Yes, it is from 1993, which makes it roughly 3,000 years old in internet time. If this level of complex human emotion and community feeling could take place way back then, though, with the limited technology they had at the time, imagine what goes on now. Maybe you don’t use the internet in those ways, but many do, and not just freaks and geeks. My grandma’s cancer 25 years ago left her face deformed and her self-image shattered. She lives on a farm in the middle of Saskatchewan and has deep and intense friendships with other cancer survivors all over the world. She can freely socialize with other women her age without worrying about how she looks. These are not virtual friendships, they are real relationships, and they are what brings happiness to her life.

Crime and Passion in a Virtual World by Julian Dibbell (Book) in Computers & Internet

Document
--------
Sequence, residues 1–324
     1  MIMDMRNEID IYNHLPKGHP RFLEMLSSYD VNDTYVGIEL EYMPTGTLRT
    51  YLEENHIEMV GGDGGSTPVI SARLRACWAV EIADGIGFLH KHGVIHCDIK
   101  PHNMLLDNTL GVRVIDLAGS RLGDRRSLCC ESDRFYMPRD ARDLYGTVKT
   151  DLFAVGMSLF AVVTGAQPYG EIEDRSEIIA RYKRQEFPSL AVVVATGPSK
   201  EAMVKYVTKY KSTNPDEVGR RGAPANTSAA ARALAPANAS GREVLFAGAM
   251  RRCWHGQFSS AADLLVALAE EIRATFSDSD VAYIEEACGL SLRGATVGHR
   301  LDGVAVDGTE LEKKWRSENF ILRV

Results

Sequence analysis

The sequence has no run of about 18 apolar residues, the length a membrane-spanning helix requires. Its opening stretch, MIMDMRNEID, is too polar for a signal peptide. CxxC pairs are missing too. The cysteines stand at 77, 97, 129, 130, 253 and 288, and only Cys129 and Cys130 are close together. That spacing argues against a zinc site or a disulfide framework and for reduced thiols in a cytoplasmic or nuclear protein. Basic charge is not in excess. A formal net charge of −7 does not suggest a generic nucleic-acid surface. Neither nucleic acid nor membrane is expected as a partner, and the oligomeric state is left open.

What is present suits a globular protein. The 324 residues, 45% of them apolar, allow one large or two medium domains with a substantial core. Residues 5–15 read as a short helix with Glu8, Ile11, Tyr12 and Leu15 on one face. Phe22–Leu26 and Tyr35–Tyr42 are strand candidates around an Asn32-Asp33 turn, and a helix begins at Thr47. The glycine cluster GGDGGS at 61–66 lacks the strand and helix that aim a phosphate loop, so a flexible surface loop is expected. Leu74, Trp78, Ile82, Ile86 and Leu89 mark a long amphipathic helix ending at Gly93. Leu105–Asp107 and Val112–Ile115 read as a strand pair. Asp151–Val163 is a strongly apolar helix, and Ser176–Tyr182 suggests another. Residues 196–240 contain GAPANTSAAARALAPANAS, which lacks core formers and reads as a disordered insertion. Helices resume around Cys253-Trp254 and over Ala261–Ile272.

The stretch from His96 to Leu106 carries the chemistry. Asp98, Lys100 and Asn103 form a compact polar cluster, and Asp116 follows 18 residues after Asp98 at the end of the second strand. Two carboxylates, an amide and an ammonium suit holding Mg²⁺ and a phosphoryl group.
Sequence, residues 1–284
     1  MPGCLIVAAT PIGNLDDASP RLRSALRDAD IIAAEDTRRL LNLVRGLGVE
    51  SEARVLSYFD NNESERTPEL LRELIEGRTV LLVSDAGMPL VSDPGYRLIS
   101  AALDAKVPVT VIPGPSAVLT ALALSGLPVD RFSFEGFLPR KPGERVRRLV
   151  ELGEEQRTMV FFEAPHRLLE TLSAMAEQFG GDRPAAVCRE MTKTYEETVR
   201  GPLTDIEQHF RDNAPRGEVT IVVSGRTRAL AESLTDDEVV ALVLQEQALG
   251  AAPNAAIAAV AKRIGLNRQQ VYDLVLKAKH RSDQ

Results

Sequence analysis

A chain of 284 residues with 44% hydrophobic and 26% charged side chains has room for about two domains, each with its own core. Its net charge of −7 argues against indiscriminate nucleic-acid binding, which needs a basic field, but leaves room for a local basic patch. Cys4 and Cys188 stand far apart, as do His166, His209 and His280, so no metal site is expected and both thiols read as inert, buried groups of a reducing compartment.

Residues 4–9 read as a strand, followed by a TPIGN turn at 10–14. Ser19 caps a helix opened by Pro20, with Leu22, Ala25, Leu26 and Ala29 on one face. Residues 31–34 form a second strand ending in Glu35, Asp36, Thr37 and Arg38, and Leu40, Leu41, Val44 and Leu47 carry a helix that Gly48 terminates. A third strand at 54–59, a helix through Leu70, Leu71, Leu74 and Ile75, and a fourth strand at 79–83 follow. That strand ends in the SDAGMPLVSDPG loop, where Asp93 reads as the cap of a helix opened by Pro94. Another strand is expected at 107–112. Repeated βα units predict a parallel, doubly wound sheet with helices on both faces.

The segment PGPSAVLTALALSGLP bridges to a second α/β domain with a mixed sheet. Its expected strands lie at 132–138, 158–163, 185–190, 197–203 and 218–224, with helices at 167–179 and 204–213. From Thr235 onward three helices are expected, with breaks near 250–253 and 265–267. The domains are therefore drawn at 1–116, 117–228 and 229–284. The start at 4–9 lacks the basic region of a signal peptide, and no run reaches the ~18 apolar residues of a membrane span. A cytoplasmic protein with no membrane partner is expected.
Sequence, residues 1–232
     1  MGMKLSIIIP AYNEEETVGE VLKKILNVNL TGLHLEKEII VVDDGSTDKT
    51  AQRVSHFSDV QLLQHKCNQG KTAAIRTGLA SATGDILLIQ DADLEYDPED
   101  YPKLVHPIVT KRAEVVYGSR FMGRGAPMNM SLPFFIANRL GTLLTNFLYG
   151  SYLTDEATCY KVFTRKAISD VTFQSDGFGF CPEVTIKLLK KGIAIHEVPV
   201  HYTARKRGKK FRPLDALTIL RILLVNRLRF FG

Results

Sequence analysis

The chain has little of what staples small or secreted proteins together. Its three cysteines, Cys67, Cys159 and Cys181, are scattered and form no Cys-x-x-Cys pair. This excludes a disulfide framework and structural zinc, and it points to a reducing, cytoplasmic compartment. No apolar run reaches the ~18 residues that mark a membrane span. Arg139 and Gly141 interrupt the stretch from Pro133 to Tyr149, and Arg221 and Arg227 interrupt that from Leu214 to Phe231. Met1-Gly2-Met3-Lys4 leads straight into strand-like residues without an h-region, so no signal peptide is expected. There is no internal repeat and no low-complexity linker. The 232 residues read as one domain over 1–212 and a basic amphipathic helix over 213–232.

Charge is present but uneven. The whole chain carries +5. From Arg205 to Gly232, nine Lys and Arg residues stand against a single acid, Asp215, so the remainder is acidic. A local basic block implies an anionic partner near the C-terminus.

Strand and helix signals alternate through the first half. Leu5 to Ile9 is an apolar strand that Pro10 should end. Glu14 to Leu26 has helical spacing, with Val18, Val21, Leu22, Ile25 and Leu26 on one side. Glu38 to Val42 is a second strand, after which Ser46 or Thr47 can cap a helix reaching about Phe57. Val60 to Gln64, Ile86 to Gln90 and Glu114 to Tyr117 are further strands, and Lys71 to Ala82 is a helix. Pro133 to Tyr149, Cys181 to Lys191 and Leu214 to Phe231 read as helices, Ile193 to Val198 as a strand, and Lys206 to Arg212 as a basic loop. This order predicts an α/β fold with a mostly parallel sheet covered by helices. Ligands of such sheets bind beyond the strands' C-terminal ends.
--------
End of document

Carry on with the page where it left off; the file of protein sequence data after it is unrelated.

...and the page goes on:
Julian Dibbell’s book “My Tiny Life: Crime and Passion in a Virtual World” is available for free in PDF format on Lulu.

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3 Comments leave one →
  1. January 17, 2008 8:17 pm

    Hate to say it, but your supervisor has it absolutely wrong. It will not doom you to obscurity, and you won’t have problems finding funding, so long as you mix it with something that is highly fundable – i.e. my work that mixes sociology of health and illness with the Internet. BOOM!

  2. Dr. Jim permalink
    January 20, 2008 4:44 pm

    Natasha,
    A little culture for you:

    Now I am alone.
    O, what a rogue and peasant slave am I!